Thus, almost for sure, thirty years after Allende’s election in 1970, another Socialist will become President of Chile, with ample popular support. He will govern a different country in a different world. No radical measures, such as agrarian reform or copper nationalisation seem necessary this time for the country’s continuing advance on the road to modernity and, instead of nationalising monopolies, Lagos will probably privatise those that are still left in state ownershipæ although certainly much could and should be done to stop renewed sacking of Chilean’s copper ground rent by transnationals. Lagos is at the same time a product of the ‘Transición’s’ past success and its present deep crisis. Ten years of the ‘Transición a la Democracia’ are enough, and now the country needs simply ‘democracia’, with the chances people hope it will bring to establish rules based on justice, not impunity, and to improve their lot.


To achieve simple democracia it will be necessary to reunite the forces that managed to put an end to the dictatorship a decade ago, each putting up its own part, some more, some less, to get in return results that are not exactly proportionate to their efforts and sacrifices. But, for that reunification to be possible, those to the left of the Concertación will have to be able to put together a sizeable force amongst themselves, strong enough to make sure that the Concertación, with or without Lagos, will not be tempted, mired in its comfortable conformism, to once again postpone what is urgently needed to be done. A force on the Left is required which is strong enough to offer those at the Centre, who govern, the chance to secure majorities on crucial issues, such as taxation to alleviate income maldistribution, for example. Achieving full democracia is Lagos’s main mandate. The next few years will test whether the man and the coalition he leads are up to that task, as Unidad Popular and Allende were up to theirs a quarter century ago.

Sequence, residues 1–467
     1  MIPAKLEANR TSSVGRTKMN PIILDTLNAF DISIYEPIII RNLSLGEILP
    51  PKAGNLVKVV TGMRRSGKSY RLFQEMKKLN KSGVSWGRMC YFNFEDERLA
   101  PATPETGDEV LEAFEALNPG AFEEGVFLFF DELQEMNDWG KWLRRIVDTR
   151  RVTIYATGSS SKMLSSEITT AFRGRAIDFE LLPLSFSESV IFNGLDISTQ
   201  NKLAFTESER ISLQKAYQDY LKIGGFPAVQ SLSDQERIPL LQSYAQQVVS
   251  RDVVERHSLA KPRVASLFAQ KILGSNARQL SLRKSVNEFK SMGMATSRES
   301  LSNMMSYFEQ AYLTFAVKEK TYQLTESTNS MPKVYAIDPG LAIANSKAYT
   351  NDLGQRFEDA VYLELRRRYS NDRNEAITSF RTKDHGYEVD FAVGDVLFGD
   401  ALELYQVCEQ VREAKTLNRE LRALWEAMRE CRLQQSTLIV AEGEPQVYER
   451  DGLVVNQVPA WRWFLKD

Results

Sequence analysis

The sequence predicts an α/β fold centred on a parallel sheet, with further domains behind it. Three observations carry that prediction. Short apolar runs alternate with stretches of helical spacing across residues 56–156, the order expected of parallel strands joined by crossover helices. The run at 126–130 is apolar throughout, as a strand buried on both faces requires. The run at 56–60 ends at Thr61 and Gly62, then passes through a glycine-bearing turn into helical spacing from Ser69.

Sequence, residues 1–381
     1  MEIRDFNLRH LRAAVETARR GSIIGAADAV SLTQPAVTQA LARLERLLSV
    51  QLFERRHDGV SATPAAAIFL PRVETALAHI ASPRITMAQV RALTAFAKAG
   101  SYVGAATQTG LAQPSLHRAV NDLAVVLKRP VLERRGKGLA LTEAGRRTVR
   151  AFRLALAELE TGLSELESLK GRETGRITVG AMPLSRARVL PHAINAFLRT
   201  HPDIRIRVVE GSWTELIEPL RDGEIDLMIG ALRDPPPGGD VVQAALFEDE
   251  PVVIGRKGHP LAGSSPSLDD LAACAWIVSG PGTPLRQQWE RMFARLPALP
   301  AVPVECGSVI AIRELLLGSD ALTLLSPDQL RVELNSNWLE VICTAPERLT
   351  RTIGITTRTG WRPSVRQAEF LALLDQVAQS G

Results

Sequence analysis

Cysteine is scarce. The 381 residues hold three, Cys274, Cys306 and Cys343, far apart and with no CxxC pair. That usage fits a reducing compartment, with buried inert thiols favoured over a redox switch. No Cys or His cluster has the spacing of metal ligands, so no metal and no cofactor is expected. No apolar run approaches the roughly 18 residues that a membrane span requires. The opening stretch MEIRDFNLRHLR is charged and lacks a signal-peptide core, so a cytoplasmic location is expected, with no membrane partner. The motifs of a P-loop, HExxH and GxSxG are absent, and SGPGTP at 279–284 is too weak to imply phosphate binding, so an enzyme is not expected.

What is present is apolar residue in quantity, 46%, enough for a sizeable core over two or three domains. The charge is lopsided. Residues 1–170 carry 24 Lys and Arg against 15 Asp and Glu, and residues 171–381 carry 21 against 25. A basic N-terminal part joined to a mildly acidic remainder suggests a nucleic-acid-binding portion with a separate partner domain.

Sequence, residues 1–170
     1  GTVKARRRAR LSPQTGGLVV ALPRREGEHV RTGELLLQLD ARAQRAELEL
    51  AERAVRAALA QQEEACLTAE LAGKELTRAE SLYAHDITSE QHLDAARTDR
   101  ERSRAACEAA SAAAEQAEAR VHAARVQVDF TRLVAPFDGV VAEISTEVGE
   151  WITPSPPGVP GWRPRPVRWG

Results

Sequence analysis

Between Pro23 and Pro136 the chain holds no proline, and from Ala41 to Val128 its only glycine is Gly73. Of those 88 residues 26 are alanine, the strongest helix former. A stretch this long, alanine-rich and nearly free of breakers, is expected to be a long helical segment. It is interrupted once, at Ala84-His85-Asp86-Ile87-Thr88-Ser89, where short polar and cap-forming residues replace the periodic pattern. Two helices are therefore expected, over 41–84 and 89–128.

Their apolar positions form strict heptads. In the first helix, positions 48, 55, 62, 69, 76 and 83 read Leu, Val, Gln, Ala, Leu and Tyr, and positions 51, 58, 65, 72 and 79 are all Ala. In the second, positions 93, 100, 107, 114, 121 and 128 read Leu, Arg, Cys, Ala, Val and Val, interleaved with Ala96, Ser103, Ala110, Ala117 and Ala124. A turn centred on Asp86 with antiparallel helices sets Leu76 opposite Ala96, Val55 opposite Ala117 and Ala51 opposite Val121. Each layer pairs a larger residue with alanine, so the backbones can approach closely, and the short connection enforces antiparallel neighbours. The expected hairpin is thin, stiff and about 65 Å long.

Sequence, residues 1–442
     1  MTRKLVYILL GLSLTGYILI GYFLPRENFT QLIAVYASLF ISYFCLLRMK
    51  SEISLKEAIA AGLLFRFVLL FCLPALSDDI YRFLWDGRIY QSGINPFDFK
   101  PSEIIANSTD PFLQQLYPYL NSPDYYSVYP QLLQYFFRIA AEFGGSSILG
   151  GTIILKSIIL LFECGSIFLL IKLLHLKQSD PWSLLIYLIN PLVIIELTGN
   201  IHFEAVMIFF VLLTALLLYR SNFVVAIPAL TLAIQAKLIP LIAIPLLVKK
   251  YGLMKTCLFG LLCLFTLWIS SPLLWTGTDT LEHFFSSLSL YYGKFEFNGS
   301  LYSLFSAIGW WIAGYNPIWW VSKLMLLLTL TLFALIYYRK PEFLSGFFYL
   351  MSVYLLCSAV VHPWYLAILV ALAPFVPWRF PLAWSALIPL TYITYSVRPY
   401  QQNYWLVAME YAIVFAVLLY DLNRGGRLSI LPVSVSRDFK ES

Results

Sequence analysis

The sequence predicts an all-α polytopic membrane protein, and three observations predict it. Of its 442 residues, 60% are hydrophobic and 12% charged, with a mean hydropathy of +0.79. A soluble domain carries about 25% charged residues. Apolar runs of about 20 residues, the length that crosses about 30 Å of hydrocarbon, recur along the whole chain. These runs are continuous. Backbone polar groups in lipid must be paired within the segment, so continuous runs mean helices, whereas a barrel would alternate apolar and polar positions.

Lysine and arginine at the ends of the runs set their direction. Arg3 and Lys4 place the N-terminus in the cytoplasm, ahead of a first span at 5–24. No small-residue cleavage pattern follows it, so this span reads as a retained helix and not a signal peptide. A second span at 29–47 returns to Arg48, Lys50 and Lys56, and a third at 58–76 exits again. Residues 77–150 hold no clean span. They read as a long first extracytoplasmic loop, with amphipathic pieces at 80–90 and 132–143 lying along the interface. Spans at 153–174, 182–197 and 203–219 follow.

A concluding words must be said with regard to the ordinary peopleæ those who precipitated the whole process this article deals with in a bold revolutionary way, back in the sixties and early seventies. The same people who constituted the main democratic resistance during the Pinochet years and, when the time came, rose up throughout the country and voted the General out of government. The ordinary people that, at this very moment, are beginning to take to the streets again, to complete a transition to democracy that has dragged on much longer than necessary.